Devotion: Real Strength and Courage

After conquering her enemies and defending the weak, the superheroine peels off her mask and gently pats the flesh wound on her shoulder, where her costume was torn (again) in the heat of battle, exposing her flesh. She would have her costume repaired in time for the next battle, and the wound would heal. In the meantime, she would re-assume her alter-ego and ready herself for the next round of preserving justice and defending the defenseless. There would be another villain to fight tomorrow, next week, or next year—and she would be there. As the credits roll, the world is safe for now, thanks to the brave superhumans who have committed to use their powers for good.

Strength and courage. They are virtues valued in our world, and they speak loudly in our imaginations. Few, we believe, can accomplish anything great without them.

But what do they mean to God?

Joshua 1 gives us a great picture of what strength and courage mean in God’s view. The phrase “Be strong and courageous” appears four times in this chapter, which records a sort of pep talk God gave Joshua, then Joshua delivered to the rest of the people of Israel, after the death of Moses. God recognized Joshua as the leader of the people of Israel, he gave Joshua the mandate to lead the people into the Promised Land, and Joshua told the people to get ready to do what their families had been waiting forty years to do.

This was a big moment. These descendants of Abraham, Isaac, and Jacob, who had never been a nation, never had a land of their own, and never fought a battle, were on the eve of doing all three. This occasion definitely called for strength and courage.

But on the surface, they had very little reason to consider themselves strong or to lift themselves on an emotional wave of courage. They were outmatched, facing a foe who had intimidated their own parents so much, they had refused to take the land God had promised to deliver them. They were facing the formidable wall of Jericho, about five feet thick and twelve to seventeen feet high. They were a fresh-faced fighting force led by a group of priests carrying a fancy box. At face value, they had very little strength. And courage looked an awful lot like stupidity.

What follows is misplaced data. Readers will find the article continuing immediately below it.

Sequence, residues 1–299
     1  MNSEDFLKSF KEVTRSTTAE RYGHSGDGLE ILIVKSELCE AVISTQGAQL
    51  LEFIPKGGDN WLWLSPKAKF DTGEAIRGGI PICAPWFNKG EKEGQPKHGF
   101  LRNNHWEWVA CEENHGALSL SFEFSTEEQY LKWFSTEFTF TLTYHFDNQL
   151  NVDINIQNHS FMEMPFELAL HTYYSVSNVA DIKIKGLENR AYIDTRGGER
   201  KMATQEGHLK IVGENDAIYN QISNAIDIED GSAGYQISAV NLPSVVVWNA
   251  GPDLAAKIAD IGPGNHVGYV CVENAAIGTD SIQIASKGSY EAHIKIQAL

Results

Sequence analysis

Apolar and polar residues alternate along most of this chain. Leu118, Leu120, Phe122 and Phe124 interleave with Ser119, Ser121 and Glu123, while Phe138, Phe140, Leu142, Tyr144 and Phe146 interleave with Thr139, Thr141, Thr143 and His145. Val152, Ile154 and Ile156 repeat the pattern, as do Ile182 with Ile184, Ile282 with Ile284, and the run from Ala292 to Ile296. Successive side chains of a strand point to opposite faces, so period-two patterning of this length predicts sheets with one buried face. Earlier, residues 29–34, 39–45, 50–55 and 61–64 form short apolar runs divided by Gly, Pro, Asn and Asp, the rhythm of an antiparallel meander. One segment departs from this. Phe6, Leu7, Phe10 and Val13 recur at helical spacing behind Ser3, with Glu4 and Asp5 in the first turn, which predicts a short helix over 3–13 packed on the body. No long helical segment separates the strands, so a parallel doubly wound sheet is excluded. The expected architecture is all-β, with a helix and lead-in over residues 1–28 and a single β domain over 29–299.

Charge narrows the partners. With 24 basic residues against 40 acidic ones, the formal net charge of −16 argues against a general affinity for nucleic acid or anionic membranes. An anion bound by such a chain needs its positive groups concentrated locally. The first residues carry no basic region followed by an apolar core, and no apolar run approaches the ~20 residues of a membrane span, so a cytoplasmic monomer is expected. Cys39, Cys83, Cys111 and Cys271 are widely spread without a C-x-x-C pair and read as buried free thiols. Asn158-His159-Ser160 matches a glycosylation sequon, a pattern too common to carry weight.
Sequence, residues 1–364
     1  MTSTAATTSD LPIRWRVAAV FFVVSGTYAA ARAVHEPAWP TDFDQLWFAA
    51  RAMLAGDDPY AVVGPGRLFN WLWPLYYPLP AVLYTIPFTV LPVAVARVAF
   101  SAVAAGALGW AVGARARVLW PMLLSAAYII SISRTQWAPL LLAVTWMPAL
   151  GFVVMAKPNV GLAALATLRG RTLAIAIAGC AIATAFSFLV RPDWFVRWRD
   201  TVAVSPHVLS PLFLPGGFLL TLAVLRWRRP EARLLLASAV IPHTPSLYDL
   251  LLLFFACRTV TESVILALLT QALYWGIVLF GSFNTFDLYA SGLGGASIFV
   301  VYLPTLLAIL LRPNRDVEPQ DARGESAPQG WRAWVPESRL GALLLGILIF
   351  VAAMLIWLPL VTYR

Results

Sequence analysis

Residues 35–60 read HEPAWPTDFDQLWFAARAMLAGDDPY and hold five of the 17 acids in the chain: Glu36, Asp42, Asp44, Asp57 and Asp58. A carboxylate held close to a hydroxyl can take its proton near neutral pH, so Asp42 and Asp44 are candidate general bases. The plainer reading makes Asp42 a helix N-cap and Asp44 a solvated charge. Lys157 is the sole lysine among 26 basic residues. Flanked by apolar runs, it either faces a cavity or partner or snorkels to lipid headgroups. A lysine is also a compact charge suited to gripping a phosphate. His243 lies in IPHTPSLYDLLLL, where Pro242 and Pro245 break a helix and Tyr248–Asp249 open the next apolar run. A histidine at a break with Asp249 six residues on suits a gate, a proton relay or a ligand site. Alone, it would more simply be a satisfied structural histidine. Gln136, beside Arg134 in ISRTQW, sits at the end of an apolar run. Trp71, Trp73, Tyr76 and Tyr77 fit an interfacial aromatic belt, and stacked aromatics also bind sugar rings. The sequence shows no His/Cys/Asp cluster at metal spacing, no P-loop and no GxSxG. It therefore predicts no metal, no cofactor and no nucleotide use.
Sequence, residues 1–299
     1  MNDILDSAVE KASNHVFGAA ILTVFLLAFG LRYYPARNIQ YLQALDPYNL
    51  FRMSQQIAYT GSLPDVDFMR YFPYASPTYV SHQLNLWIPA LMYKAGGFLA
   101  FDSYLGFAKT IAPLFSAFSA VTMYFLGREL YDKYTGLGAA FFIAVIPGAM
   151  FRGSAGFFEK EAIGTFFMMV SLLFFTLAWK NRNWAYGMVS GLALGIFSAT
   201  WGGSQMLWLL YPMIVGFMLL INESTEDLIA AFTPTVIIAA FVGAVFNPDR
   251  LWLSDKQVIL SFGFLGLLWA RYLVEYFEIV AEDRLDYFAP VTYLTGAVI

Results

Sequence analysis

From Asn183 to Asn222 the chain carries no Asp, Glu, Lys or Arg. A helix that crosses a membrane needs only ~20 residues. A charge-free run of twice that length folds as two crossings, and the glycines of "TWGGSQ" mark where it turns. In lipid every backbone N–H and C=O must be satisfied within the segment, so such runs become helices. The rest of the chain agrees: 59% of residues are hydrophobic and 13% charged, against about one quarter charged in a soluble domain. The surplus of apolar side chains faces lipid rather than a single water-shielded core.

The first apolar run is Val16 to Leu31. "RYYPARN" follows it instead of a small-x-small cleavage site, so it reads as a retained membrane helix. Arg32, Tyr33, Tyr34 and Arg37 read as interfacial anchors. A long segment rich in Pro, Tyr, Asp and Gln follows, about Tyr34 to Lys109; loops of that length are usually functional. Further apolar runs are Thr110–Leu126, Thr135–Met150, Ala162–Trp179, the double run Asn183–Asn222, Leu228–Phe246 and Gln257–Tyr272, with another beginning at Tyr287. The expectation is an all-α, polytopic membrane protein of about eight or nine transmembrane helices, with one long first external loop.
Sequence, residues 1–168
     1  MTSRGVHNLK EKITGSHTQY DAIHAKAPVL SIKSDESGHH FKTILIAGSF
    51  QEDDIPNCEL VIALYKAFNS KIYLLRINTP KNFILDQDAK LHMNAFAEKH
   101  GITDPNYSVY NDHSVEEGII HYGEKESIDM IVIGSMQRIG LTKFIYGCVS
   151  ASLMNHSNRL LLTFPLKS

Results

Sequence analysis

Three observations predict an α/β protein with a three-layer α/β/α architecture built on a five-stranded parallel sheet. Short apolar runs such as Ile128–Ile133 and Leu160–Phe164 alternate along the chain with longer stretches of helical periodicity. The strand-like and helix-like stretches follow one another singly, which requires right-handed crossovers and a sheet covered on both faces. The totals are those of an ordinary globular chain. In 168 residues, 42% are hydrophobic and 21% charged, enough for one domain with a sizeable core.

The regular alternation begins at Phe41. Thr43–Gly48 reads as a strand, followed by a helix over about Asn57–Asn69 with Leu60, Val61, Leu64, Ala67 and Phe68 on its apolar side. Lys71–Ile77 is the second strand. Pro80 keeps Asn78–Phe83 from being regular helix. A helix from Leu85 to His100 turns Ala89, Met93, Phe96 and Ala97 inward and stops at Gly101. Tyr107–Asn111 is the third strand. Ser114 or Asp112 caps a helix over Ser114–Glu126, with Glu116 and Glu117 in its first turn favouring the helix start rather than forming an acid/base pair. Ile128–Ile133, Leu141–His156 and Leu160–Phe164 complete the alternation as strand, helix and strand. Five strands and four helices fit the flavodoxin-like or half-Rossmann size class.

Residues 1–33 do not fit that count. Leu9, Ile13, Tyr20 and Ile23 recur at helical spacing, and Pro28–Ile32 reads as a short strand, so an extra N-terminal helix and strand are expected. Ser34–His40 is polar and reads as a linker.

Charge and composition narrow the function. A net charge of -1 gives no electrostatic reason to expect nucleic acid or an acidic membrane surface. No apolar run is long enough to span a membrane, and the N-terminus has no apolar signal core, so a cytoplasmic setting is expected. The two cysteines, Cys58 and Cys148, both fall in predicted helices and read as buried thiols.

But God didn’t ask them to exercise these virtues because they were in themselves powerful. He commanded Joshua to be strong and courageous for three reasons, which had nothing to do with who the people were:

“As I was with Moses, so I will be with you” (1:5).

“I will never leave you nor forsake you” (1:5).

“for the LORD your God will be with you wherever you go” (1:9).

The people of Jericho, who would soon meet the strength of Yahweh, were strong and courageous too. Their wall was strong, and they were brave because they trusted in it. But their trust was misplaced. The people of Israel would prevail because their strength and courage came not from themselves, but from the one thing God values more than anything else in humans: faith in God.

Later, God gave the people some odd instructions when it was time to take Jericho: March around the city with the priests leading the way. This was not the way to attack a city if you were trusting in the strength of your own army.

Generations later, God told Gideon, a weak and unimportant man in the eyes of society, to go into battle hopelessly outmatched, to see how God would fight for his people (Judges 6–8).

Many years later, God responded with a display of great power when the prophet Elijah went up against the most powerful members of his society, again hopelessly outmatched and armed only with faith and prayer (1 Kings 18).

Later, through the prophet Isaiah, God told his people, “In quietness and trust is your strength” (Isaiah 30:15).

He told Paul, “My power is made perfect in weakness” (2 Corinthians 12:9).

God doesn’t choose his servants for their courage or strength. He doesn’t look at the things that impress our friends and qualify us for admiration. He looks at our hearts. He looks for faith and for willingness to do what he asks us to do. He looks for the kind of humility required to exercise courage and strength in his name so that he is revealed as the hero.

If you feel weak, if you don’t feel like a heroine, take heart. This is exactly the way God wants you.

This devotion appears in the brand-new NIV Bible for Women. Copyright 2015 by Zondervan.

© 2015 Amy Simpson.